At 1998-10-30 15:08, Steve Dorner wrote:
At 2:22 PM -0800 10/30/98, Ashley Yakeley wrote:
My understanding of top-level types is that image, audio & video indicate
what the stream encodes, whereas text (and perhaps message) indicate how
the stream is encoded. For instance, 'text/vnd.abc' encodes audio, but is
encoded in text.
This is a very common MISunderstanding.
One encouraged by RFC 2046, sec. 4.1:
# Beyond plain text, there are many formats for representing what might
# be known as "rich text". An interesting characteristic of many such
# representations is that they are to some extent readable even without
# the software that interprets them. It is useful, then, to
# distinguish them, at the highest level, from such unreadable data as
# images, audio, or text represented in an unreadable form. In the
# absence of appropriate interpretation software, it is reasonable to
# show subtypes of "text" to the user, while it is not reasonable to do
# so with most nontextual data. Such formatted textual data should be
# represented using subtypes of "text".
Any MIME content type can have textual semantics, simply by specifying
textual semantics in the document that defines the type. Doesn't matter if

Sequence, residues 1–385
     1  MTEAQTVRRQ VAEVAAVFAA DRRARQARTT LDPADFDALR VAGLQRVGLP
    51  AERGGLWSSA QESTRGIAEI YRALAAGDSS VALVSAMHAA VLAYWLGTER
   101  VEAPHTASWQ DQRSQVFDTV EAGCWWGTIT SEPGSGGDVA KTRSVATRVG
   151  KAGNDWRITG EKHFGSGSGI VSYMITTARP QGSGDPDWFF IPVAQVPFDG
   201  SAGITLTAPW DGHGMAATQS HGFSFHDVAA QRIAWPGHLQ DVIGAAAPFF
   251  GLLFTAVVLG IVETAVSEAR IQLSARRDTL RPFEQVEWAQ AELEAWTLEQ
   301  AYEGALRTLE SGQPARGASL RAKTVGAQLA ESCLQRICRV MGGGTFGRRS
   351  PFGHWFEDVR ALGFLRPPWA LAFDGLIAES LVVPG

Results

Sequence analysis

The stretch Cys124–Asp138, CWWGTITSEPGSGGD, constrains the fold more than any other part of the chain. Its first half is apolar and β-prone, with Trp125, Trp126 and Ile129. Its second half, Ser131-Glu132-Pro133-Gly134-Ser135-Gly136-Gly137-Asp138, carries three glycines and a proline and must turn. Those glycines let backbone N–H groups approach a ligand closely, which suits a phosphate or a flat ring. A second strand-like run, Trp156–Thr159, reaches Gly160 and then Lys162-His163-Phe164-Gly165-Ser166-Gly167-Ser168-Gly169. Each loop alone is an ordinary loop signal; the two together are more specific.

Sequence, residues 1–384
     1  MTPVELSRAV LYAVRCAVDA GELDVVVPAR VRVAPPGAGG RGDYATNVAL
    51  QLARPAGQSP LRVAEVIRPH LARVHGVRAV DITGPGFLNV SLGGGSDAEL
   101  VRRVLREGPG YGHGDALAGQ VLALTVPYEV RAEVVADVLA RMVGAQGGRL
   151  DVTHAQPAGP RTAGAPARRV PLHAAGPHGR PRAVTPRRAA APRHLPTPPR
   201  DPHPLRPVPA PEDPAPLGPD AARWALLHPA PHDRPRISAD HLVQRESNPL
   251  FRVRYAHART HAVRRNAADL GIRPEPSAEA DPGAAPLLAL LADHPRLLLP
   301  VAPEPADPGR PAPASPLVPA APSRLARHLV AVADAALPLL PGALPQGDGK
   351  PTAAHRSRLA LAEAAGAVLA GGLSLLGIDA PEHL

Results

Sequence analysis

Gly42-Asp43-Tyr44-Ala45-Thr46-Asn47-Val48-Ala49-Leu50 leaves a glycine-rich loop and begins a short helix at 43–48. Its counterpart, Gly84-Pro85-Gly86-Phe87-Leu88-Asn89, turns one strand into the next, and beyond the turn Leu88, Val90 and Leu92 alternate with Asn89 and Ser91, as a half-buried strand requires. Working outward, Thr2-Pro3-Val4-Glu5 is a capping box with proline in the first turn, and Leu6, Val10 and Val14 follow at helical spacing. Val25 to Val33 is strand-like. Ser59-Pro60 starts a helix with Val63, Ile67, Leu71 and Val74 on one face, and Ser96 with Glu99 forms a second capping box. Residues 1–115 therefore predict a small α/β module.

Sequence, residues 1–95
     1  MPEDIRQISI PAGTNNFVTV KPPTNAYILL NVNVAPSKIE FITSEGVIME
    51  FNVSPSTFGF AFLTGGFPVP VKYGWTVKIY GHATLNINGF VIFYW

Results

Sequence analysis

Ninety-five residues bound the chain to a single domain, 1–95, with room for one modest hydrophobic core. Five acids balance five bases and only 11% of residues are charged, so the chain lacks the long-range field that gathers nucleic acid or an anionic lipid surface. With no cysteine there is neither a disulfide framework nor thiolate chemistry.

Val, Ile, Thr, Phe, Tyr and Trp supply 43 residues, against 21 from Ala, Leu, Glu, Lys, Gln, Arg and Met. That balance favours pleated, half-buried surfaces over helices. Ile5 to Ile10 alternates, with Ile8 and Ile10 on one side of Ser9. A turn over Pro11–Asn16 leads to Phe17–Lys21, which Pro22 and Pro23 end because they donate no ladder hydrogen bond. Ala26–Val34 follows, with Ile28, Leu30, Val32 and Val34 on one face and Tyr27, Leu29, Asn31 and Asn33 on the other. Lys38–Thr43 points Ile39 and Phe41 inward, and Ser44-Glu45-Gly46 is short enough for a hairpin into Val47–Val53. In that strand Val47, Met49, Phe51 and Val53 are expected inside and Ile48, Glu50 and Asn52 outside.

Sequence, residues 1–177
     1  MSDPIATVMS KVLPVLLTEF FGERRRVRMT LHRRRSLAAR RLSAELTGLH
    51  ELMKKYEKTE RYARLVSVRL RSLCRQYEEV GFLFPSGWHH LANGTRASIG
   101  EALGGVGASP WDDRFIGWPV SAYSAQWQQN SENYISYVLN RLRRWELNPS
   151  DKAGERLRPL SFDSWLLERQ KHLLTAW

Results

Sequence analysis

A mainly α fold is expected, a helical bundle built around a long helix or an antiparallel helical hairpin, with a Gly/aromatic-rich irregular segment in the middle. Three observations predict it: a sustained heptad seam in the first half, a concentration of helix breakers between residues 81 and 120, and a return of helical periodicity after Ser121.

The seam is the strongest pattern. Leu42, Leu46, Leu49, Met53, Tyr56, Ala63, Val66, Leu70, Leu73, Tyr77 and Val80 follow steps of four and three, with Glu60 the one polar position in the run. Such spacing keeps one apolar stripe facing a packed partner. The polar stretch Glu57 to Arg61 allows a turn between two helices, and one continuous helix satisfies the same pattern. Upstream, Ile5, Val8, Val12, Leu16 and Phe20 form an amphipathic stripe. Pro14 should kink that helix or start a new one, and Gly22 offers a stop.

it's application/whatever, image/whatever, etc. You can specify that it be
slung around as a textual thing, with newline canonicalization, charset,
...which makes such things 'formatted textual data', which according to
RFC 2046 'should be represented using subtypes of "text"'.
Text subtypes, on the other hand are assumed to have textual semantics, but
it doesn't end there. For a subtype to belong in text, it must have a
further property, that of being appropriate for normal users to read
without any special software.
RFC 2046 merely claims that it needs to be 'to some extent readable'.
So, your textual encoding of audio is not "text/vnd.abc", it's
"audio/vnd.abc". But it's still allowed to be textual.
No, it's (correctly) 'text/vnd.abc'. See
Ashley Yakeley, Seattle WA